a roller rotatably mounted on said latch lever so as to move between a fifth position and a sixth position in response to the pivoting motion and a sixth position in response to the pivoting motion of said latch lever between said third position and said fourth position, respectively;
a latch stop bar mounted on the base and having a major edge and a minor edge; and
said latch lever being arranged so that said roller is in said fifth position and contacts said minor edge when the slide tray is in one of the opened position and the closed position.
6. A latching mechanism as recited in claim 5, wherein:
said latch lever being arranged so that when said roller is in said sixth position said roller is disengaged from said minor edge.
7. A latching mechanism as recited in claim 5, wherein:
said latch lever being arranged so that said roller engages said major edge when the slide tray is in a position between the opened position and the closed position.
8. A latching mechanism as recited in claim 5, wherein:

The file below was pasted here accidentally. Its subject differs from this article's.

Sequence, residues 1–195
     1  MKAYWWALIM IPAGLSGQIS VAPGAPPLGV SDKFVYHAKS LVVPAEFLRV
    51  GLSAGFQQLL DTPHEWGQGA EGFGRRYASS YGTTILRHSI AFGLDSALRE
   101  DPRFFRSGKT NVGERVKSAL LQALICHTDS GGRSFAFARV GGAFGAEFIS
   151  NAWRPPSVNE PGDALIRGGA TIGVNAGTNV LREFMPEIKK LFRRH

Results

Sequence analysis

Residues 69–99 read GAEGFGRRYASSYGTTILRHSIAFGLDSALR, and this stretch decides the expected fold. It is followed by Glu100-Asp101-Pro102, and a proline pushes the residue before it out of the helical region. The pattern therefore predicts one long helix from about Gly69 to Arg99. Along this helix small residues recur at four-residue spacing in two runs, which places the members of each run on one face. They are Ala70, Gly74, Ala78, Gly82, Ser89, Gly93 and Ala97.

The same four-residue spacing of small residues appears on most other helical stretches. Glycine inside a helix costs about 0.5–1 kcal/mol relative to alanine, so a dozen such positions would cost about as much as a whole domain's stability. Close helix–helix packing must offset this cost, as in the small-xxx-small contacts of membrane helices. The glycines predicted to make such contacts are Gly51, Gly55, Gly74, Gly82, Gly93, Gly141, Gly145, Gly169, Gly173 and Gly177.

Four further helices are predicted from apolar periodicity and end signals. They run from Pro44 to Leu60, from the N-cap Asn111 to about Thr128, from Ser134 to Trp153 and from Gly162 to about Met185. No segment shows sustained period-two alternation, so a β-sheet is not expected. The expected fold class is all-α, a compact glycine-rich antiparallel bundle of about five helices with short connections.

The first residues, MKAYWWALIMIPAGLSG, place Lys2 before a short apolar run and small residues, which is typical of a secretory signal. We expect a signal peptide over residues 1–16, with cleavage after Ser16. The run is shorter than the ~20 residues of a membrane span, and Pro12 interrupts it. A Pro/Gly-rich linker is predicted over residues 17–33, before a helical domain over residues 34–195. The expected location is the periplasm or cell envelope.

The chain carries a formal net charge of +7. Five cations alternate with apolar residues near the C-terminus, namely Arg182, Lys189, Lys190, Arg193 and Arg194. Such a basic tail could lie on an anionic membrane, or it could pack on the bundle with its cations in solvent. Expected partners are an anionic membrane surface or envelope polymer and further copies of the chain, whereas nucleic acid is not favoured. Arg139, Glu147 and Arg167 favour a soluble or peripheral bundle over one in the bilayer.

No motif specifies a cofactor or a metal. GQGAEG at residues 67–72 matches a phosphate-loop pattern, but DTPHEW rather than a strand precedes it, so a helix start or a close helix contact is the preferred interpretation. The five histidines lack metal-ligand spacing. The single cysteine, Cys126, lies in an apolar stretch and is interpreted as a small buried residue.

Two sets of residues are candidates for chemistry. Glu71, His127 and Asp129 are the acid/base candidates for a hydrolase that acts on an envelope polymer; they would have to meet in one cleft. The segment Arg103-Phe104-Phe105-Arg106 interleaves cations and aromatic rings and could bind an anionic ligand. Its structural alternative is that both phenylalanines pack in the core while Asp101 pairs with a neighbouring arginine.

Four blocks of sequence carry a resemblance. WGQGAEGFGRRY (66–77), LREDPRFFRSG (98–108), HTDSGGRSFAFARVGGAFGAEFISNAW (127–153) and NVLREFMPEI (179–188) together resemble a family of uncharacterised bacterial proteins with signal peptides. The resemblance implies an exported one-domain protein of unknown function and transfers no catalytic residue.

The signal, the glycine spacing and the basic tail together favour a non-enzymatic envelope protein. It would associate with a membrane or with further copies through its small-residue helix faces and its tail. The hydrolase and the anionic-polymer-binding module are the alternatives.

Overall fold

said minor edge is inclined about 15° from a direction perpendicular to the direction of motion of said slide tray between the opened position and the closed position.
Description
BACKGROUND OF THE INVENTION

1. Field of the Invention

The present invention relates to instrument delivery systems and, more particularly, to a latching mechanism for instrument delivery systems.

2. Description of the Related Art

Instrument delivery systems are used to deliver instruments to a position where they are used. For example, instrument delivery systems are used in ophthalmologic examinations, where several instruments are used to examine a patient.

FIG. 1 shows a conventional instrument delivery system 10. Conventional instrument delivery system 10 includes a circular table 12, which is rotatable about its central axis and which includes a locking mechanism (not shown) for locking rotation of circular table 12 at 90° increments. Circular table 12 also includes slide trays 14a-14d, which slide between an opened position and a closed position. Slide tray 14a is shown in FIG. 1 in its opened position, while slide trays 14b-14d are shown in their closed positions. Instruments 16a-16d are respectively supported on slide trays 14a-14d. Electrical power outlets (not shown) are provided on each of slide trays 14a-14d to provide power to instruments 16a-16d, if required.